This is a time of medical wonders -- artificial hearts, organ transplants, test-tube babies. But what about this? A doctor who talked to his patients and invited them to talk back.

I spent an evening some years ago in the waiting room of Dr. Marvin Belsky, a successful Manhattan internist as well as a family doctor who for almost three years tried a bold experiment. Every other week, he asked several patients, new and old, to join him -- without charge -- for three hours of talk. His aim: "Feedback. I realized that feedback to physicians is often very limited."

Nine patients and Belsky sat in a circle. "I'd like to start," he said, "by asking, 'What is a good doctor?' "

A woman in her sixties said, "You. I think it's your intense personal commitment." She told of another doctor who was uncaring and rude. But "when Bernie her husband was sick, you called for another opinion. We felt you cared."

"Have any of you ever been angry with a doctor?" Belsky asked.

"Yes," said a balding, middle-aged man. "When doctors told me I was getting better and I felt worse."

"What gets me," a sharply dressed salesman said, "is when the nurse becomes the doctor on the phone and starts giving you orders. Sure, the doctor is busy, but you want him."

Had anyone ever been irritated with Belsky?

"Yes," said a sophisticated-looking woman. "When my daughter was sick, you were so busy introducing yourself and telling her about her rights as a patient, and her throat was so sore! She was angry that you weren't helping her right away."

A young model said: "I remember when I had that severe asthmatic attack. I needed reassurance, and you were so professional. And cold."

"You are upset with me!" Belsky said, a bit surprised. "Doctors," he explained, "sometimes become 'professional' when they are a little concerned and scared. But I'd never have known you were upset until you said it tonight."

The model was not finished. "I've never been really able to open up to you and tell you how I feel. I've never really given you my complete confidence. You're the doctor, you're the minister, you're everything. But I'm opening up to you tonight."

Belsky ultimately halted these sessions to spend "the many hours of time" they consumed listening to individual patients instead, and trying to lead them toward healthier life styles. But he had learned, he says, "about my own lack of omnipotence" and "to listen not just on one night but all the time."

Now, he says, he tells all his patients, "Feel free to say what's on your mind. If I confuse you, say so. If you're upset, let me know."

Reports indicate that many doctors are paying more attention to pleasing their patients. The busy Mayo Clinic in Rochester, Minn., which treats up to 2,000 patients a day, has placed a "patient's representative" in its lobby to hear complaints. One reason, says Mark Brataas, a clinic administrator, is the need for doctors to "market" themselves in the face of today's growing competition from increasing numbers of health plans and doctors.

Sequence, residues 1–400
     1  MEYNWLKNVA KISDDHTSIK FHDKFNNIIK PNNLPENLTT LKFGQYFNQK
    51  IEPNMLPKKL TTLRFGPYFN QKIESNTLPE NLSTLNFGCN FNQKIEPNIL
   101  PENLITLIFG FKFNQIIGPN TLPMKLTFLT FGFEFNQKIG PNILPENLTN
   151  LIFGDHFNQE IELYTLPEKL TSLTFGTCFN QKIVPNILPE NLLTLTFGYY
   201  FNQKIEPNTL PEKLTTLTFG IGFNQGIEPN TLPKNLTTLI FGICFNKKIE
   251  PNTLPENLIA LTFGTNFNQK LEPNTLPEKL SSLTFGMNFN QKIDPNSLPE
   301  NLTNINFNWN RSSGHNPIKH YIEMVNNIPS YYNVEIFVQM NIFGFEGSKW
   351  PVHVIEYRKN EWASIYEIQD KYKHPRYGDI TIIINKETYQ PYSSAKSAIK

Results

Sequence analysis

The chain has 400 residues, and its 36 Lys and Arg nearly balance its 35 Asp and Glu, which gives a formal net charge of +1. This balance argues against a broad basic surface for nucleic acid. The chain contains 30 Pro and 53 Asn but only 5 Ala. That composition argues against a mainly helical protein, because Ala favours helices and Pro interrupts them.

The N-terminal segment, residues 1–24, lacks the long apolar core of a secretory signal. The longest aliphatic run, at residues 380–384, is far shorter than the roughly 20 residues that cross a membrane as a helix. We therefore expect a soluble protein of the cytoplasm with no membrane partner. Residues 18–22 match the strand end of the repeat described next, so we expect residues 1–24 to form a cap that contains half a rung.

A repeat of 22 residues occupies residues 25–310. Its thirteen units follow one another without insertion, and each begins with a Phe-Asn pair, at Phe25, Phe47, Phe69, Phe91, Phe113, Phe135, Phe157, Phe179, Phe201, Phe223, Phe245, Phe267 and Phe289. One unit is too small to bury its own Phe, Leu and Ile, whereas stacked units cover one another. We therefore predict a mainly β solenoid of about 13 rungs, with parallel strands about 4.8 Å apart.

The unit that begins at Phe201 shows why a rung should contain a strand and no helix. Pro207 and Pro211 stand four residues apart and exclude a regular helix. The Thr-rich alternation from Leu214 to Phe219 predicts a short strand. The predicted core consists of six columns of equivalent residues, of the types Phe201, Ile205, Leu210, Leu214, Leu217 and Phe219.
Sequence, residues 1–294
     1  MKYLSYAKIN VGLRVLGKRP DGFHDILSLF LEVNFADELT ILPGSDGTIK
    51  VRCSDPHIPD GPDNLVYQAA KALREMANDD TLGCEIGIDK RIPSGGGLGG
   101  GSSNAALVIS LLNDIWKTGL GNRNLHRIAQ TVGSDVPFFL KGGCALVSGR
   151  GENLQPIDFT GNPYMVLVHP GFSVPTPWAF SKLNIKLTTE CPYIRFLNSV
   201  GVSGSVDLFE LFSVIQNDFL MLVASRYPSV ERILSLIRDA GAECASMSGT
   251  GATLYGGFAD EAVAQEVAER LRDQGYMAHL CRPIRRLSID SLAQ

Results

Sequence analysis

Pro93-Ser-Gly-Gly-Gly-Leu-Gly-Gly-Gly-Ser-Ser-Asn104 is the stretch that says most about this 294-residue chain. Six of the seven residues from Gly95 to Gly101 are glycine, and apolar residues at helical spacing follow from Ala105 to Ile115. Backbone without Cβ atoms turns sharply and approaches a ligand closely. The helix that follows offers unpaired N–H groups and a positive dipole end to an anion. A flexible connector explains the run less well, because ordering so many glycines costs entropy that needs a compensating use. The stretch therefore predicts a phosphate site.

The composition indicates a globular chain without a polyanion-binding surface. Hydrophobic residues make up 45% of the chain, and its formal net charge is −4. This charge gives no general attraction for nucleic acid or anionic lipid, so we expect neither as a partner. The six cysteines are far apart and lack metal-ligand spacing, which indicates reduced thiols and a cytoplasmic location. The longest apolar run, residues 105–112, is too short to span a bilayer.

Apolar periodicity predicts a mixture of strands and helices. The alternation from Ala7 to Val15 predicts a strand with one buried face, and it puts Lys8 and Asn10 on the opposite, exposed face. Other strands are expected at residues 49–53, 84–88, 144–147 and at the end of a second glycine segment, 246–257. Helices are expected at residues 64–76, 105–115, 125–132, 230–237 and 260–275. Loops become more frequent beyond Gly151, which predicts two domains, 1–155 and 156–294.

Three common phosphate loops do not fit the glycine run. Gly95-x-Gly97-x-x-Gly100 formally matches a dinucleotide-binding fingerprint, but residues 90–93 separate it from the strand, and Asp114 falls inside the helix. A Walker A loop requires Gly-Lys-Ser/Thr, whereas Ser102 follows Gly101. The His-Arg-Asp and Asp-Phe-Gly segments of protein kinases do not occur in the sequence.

"The most important thing is a satisfied patient," Brataas says. "If we can't satisfy patients, everything else is a waste of time."

The American Society of Internal Medicine offers copies of a brief questionnaire, reprinted below, called "How Well Did I Serve You?" to its internist-members. "I am anxious to give you and all my patients the best possible care," the pamphlet reads. "To help me become aware of processes in my practice which might not be entirely adequate, won't you please take a minute to answer these questions."

The doctor signs the pamphlets, and they are handed to patients. Patients need not sign, and may answer on the spot or through the mail.

"We've had this for some years," William Ramsey, the society's executive vice president, reports. "But there's an increase in its use now." Why? "Competition. And I think physicians are trying to be more human, more humanistic."

Dr. Barry Lubin, a Norfolk internist who started a new practice six months ago with two colleagues, uses the questionnaire. "We want to find out what's on people's minds and make sure they understand us," he says. "And it lets them know how we feel, that we're looking for feedback." He also sees it as part of "selling medicine" in the new competitive age. The practice, he says, is doing very well.

Washington internist Devra Marcus and her partner tried such a questionnaire for a time, but the answers were "so positive, I didn't trust it," she says. Instead, she suggests, "At the end of a session a physician can ask, 'Do you have any questions or comments? Are you happy with what we're doing?' Then that opens it up."

Some doctors, unhappily, behave in a way that stifles any feedback before it can start. Their manner and indeed the whole atmosphere of their office -- busy, super-efficient, computer-like -- discourages questions.

It takes a whole environment, a whole mood, Belsky says, to encourage the patient's full participation in a doctor-and-patient effort.

"I expect my patients to feel comfortable enough to tell me if I'm not clear, or to say, 'I feel you're not listening to me,' " Lubin sums up. "It sometimes takes another visit to handle it, but I need to ask the patient, 'Do you have anything else on your mind?'

"No matter what you say, your nonverbal signals tell the patient that you're genuinely interested or you're not. Very few physicians do well because they trained at Massachusetts General Hospital. What sells physicians is this: Do they show patients genuine interest?"

Patients deserve nothing less.

Next Week: Most doctors are trying harder to please their patients. Is yours?